Sunday, June 13, 2010

Wanna put the book in the freezer?

Friday afternoon Hans and I went to Half-Price Books, one of our favorite things to do on a lazy evening. I picked up a book called Heart of the Matter by Emily Giffin. I was excited to find it - I have read several of her other books and loved them. I didn't even read the back to see what it was about, I just figured I liked the author so I'd like the book.

Less than a hundred pages into the book, I started getting this gross, sick feeling in my stomach. The book did not make me feel good. I kept reading hoping it would get better, and it didn't. In fact, I read the entire book Friday night (into Saturday morning) and had to wake Hans up when I finished because I was crying.

The book is told from the point of view of a woman named Tessa. She's a professor turned stay-at-home mom who battles witchy upper-class housewives, soccer games, dinners, house cleaning, and two young children while her husband, the surgeon, is constantly rushing off to save lives and help others. She's unhappy and feels alone.

One night (their anniversary), her husband is called in to help a little boy who fell into a fire at a friend's house. He's badly burned and needs several operations over the course of several months. The doctor grows closer to the boy and in the process, the boy's single mother.

See where this is going? Doesn't take a rocket scientist. He seems like a good guy, an honest, loving family man. So I kept reading hoping he wouldn't do it. But he does.

And the rest of the book is about Tessa finding out and trying to figure out what to do. She doesn't want to be with him anymore because she doesn't trust him and feels like from her experience (her father and brother are both cheaters, too) that men who cheat will do it again, no matter how sorry they say they are. At the same time, she doesn't want to ruin her kids' lives the way her parents' divorce ruined hers.

All cheating makes my stomach hurt. It seems like everyone cheats now. I mean, isn't that the big trend of the year? Tiger Woods, David Boreanez, David Letterman, Larry King, Jesse James.

And over the years, I have been shocked by some of men I knew (family friends, friend's parents, etc) who cheated on their wives. It wasn't the ones you might expect - though you never want to expect that of someone - but rather the ones who seemed like the most loving, honest guys.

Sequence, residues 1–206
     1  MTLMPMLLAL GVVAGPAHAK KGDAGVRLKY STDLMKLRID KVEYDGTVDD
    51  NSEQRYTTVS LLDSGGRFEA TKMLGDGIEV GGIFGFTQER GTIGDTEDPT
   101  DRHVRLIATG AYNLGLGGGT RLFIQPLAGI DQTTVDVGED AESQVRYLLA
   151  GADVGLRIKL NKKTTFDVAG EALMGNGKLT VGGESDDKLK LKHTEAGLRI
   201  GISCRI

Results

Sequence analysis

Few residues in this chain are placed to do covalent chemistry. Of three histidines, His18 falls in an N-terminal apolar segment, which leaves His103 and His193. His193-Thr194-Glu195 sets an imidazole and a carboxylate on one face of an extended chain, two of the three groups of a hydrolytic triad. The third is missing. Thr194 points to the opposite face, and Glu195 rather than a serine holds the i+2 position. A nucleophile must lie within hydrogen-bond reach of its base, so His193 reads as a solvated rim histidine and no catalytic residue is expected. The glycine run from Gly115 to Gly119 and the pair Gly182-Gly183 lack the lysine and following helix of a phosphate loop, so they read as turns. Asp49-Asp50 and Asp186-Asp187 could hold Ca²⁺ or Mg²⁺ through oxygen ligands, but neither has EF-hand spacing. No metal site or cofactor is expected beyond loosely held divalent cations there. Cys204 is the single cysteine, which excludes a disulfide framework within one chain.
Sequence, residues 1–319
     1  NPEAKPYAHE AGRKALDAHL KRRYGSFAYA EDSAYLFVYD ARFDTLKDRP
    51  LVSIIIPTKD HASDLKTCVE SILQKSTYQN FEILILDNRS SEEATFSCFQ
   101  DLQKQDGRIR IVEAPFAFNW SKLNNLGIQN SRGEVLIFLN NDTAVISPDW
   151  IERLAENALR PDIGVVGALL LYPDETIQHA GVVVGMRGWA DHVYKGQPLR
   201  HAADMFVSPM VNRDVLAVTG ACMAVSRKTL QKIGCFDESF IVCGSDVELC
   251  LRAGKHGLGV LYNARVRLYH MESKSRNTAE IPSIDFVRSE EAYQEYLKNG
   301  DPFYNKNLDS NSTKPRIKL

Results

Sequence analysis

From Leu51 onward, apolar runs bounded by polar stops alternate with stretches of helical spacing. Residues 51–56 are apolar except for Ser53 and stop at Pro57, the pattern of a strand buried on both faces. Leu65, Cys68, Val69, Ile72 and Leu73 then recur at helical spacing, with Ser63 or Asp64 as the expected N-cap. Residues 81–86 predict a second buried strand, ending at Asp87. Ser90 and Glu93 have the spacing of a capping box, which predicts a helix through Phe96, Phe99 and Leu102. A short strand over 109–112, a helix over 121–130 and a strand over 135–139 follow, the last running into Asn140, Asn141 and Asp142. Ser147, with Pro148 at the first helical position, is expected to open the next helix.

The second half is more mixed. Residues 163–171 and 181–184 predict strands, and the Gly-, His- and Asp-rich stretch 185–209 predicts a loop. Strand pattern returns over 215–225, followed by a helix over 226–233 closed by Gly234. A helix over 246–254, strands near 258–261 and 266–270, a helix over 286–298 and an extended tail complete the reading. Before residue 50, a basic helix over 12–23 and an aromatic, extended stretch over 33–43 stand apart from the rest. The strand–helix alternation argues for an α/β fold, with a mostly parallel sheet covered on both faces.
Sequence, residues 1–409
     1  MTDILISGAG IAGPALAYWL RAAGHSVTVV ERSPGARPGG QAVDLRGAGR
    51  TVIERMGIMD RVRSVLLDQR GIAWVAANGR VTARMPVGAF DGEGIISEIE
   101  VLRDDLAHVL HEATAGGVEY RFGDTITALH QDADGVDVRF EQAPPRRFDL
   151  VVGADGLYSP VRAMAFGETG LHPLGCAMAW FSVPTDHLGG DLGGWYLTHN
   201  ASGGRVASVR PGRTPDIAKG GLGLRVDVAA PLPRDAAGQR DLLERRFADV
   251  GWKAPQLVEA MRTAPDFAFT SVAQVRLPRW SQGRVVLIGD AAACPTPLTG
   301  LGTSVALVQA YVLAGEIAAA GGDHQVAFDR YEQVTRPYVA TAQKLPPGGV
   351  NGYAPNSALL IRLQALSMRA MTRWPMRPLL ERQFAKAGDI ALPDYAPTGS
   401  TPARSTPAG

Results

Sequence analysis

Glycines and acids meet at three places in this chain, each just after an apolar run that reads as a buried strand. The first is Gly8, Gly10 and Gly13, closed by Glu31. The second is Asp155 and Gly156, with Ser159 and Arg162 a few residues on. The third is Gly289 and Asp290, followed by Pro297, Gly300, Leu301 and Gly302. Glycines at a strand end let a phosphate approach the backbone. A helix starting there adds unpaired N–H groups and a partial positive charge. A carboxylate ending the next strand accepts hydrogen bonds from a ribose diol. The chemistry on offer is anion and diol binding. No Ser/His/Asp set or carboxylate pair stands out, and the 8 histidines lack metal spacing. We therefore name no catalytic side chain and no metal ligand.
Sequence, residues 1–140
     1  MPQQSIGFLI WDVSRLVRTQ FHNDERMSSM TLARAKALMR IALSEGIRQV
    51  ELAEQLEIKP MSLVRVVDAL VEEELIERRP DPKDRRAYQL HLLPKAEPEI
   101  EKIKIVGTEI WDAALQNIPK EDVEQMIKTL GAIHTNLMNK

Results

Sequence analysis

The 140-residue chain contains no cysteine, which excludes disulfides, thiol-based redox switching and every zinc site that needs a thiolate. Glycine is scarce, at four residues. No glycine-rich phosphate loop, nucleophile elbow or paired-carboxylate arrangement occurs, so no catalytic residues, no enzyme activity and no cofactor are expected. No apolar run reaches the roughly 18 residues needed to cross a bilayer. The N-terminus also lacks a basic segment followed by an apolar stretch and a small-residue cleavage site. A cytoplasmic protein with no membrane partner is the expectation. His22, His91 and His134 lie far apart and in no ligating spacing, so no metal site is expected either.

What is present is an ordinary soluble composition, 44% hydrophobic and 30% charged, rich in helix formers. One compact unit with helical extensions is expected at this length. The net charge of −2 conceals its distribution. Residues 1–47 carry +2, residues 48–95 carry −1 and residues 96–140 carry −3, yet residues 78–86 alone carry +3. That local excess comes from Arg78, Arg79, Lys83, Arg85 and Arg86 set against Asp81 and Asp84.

But this book took it to a new level. It follows Tessa as she examines and ultimately starts to blame herself. Their sex life wasn't good enough. She was distant and unsupportive. She was too materialistic and caught up in the day-to-day dramas of getting into the right pre-school and feuding housewives.

The surgeon (Nick) eventually blows up at Tessa, telling her it was her fault. She changed, not him. She wasn't the ambitious, driven, independent woman that he fell in love with. She has become just like all the other women in their vapid, rich neighborhood. The woman he had the affair with reminded him of how his wife used to be.

Woah, woah, woah. Why is this her fault? She changed, so it's ok for him to cheat? When does he talk to her and tell her about his concerns for their marriage or how he feels like she's changing and pulling away from him? When does he suggest counseling? Heck, when does he even attempt to keep himself on the side of right by staying away from the other woman? Did I miss those pages? No? That's right, he puts himself in compromising positions by showing up at the woman's house in the middle of the night to "check on the boy." He didn't want to cheat on his wife, "it just happened." Maybe it wouldn't have "just happened" if you didn't spend so much time alone with her, at her house. Jerk.